Abhiman S, Sonnhammer EL (2005) FunShift: a database of function shift analysis on protein subfamilies. Nucleic Acids Res 33: D197–200CrossRefGoogle Scholar
  2. 2.
    Barker FK, Cibois A, Schikler P, Feinstein J, Cracraft J (2004) Phylogeny and diversi_ cation of the largest avian radiation. Proc Natl Acad Sci U S A 101: 11040–11045CrossRefGoogle Scholar
  3. 3.
    Blanchette M, Kunisawa T, Sankoff D (1999) Gene order breakpoint evidence in animal mitochondrial phylogeny. J Mol Evol 49: 193–203CrossRefGoogle Scholar
  4. 4.
    Brenner SE (1999) Errors in genome annotation. Trends Genet 15: 132–133CrossRefGoogle Scholar
  5. 5.
    Brown D, Sjolander K (2006) Functional classification using phylogenomic inference. PLoS Comput Biol 2: e77CrossRefGoogle Scholar
  6. 6.
    Camargo MM, Nahum LA (2005) Adapting to a changing world: RAG genomics and evolution. Hum Genomics 2: 132–137Google Scholar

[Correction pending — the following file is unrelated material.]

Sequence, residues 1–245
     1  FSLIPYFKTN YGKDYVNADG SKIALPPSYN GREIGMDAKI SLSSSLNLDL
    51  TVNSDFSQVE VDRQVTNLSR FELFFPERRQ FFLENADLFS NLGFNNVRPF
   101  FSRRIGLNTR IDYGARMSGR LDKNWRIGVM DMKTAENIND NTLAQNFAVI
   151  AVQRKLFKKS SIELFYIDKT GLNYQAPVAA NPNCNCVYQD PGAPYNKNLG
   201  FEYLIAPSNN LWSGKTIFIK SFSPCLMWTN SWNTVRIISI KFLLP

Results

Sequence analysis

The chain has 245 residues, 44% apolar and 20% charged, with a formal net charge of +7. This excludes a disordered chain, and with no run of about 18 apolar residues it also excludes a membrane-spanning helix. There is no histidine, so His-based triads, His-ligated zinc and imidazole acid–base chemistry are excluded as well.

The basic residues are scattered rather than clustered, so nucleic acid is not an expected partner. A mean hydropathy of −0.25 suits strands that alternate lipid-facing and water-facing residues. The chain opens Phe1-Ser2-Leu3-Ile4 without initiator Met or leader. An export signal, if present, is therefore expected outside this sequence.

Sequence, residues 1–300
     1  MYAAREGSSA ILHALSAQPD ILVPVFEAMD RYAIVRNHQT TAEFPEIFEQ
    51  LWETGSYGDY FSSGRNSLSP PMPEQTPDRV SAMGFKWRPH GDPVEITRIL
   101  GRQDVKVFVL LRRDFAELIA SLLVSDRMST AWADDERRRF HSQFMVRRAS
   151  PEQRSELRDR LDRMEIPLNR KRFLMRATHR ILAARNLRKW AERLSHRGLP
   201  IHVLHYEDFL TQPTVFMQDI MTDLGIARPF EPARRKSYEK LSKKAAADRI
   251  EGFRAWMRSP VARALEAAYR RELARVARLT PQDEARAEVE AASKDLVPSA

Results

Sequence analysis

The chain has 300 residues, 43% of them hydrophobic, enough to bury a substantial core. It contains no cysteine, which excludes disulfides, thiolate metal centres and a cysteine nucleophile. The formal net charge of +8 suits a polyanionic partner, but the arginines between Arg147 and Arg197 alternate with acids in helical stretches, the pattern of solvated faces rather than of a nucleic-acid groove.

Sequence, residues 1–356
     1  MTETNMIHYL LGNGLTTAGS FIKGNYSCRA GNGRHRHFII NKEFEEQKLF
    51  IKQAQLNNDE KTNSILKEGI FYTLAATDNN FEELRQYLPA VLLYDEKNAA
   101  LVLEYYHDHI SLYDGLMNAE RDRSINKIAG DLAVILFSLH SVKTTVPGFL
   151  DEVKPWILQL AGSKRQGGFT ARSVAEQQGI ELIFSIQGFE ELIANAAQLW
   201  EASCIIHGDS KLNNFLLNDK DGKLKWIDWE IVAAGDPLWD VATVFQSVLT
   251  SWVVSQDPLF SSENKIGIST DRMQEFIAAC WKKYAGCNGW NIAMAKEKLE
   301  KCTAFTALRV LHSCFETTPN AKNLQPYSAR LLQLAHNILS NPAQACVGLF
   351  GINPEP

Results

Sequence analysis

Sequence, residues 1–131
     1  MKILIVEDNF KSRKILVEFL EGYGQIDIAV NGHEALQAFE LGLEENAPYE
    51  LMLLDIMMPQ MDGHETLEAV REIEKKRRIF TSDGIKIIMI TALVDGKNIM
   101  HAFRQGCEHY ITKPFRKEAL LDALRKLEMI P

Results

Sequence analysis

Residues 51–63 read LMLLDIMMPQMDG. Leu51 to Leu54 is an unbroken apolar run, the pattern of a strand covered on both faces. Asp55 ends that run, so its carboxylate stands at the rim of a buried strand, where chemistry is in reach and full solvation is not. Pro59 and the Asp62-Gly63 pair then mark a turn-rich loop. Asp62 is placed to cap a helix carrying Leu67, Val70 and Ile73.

7. 7.
    Castoe TA, Stephens T, Noonan BP, Calestani C (2007) A novel group of type I polyketide synthases (PKS) in animals and the complex phylogenomics of PKSs. Gene 392: 47–58CrossRefGoogle Scholar
  8. 8.
    Consortium EP (2004) The ENCODE (ENCyclopedia Of DNA Elements) Project. Science 306: 636–640CrossRefGoogle Scholar
  9. 9.
    Crowe TM, Bowie RC, Bloomer P, Mandiwana TG, Hedderson TAJ, Randi E, Pereira SL, Wakeling J (2006) Phylogenetics, biogeography and classification of, and character evolution in, gamebirds (Aves: Galliformes): effects of character exclusion, data partitioning and missing data. Cladistics 22: 495–532CrossRefGoogle Scholar
  10. 10.
    Dehal PS, Boore JL (2006) A phylogenomic gene cluster resource: the Phylogenetically Inferred Groups (PhIGs) database. BMC Bioinformatics 7: 201CrossRefGoogle Scholar
  11. 11.